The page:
Picking Harris probably will not win Biden additional votes among women. We found that neither of the two previous female running mates — Democrat Geraldine Ferraro in 1984 or Republican Sarah Palin in 2008 — steered more female voters to their respective ticket. For example, our analysis of panel data from 2008, in which the same survey respondents were interviewed repeatedly over the course of the campaign, shows that women were no more likely to support the Republican ticket following Palin’s selection than they had been beforehand.

More recently, our analysis of panel data from 2016 shows that Mike Pence did not increase Donald Trump’s support among evangelical Christians, conservatives or Midwesterners. Nor did Tim Kaine increase Hillary Clinton’s support among Catholics or Southerners.

Of course, we can only speculate about Harris’s likely effect on Black voters, because no major party ever has nominated a Black vice-presidential candidate. But given the underwhelming evidence of targeted effects in past elections and Black voters’ already overwhelming support for Biden and the Democratic Party, we expect a modest effect, if any. Much the same could be said for Indian Americans, particularly given their already strong support for Democratic candidates.

Voters do judge the presidential candidate based on the running mate

Vice-presidential candidates matter mostly because of their indirect effects: They can change how voters see the presidential candidate who made the selection.

Harris’s political experience is likely to reassure persuadable voters about Biden’s judgment. In addition to having good credentials on paper — as a U.S. senator, former district attorney and former California attorney general — Harris already auditioned for the presidency during the recent Democratic primaries. As we show in our book, voters who perceive the running mate to be well-qualified also are more likely to think well of the presidential candidate’s judgment, and then to vote for the party ticket. Barack Obama’s selection of Biden as his running mate in 2008 had this effect. Biden’s selection of Harris probably will yield similar benefits in 2020.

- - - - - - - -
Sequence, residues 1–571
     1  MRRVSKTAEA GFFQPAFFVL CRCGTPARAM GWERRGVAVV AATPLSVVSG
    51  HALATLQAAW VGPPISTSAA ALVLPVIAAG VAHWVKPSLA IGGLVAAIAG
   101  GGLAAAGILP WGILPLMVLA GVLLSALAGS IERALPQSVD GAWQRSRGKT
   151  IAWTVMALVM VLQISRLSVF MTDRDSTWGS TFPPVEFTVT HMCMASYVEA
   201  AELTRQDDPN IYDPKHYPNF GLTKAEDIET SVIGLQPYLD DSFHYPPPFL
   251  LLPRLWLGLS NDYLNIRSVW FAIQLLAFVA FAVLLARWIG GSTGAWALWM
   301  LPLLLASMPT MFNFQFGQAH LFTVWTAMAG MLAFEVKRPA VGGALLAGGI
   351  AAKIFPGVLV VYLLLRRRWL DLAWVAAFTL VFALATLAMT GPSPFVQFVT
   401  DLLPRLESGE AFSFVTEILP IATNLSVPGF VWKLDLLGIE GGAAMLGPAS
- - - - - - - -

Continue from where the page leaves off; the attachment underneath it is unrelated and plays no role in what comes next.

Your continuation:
Running mates also influence perceptions of the presidential candidate’s ideology. Harris, while presenting herself as ideologically progressive, is not clearly identified with the center or left wing of the Democratic Party. As a result, she may shift perceptions of Biden’s ideology a bit to the left, without alienating intraparty factions or swing voters.

Could this year be different?

Our research suggests that Harris could have a positive yet marginal effect on Biden’s chances in the 2020 election. But as we learned in 2016, the electoral past does not necessarily predict future results. As a Black woman, Harris probably will attract more media coverage and endure more aggressive attacks during the campaign than previous vice-presidential candidates. Indeed, the Trump campaign, which wants to portray Biden as susceptible to manipulation by left-wing Democrats, already is signaling that it will make Biden’s running mate a major issue in the campaign. In that case, while Harris’s candidacy probably will not decide the 2020 presidential race, she may matter more than most running mates.

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Christopher J. Devine (@ProfDevine) is an assistant professor of political science at the University of Dayton.

Kyle C. Kopko (@KyleKopko) is an adjunct professor of political science at Elizabethtown College.

They are the co-authors of “Do Running Mates Matter?: The Influence of Vice Presidential Candidates in Presidential Elections” (University Press of Kansas, 2020). The introductory chapter is available here.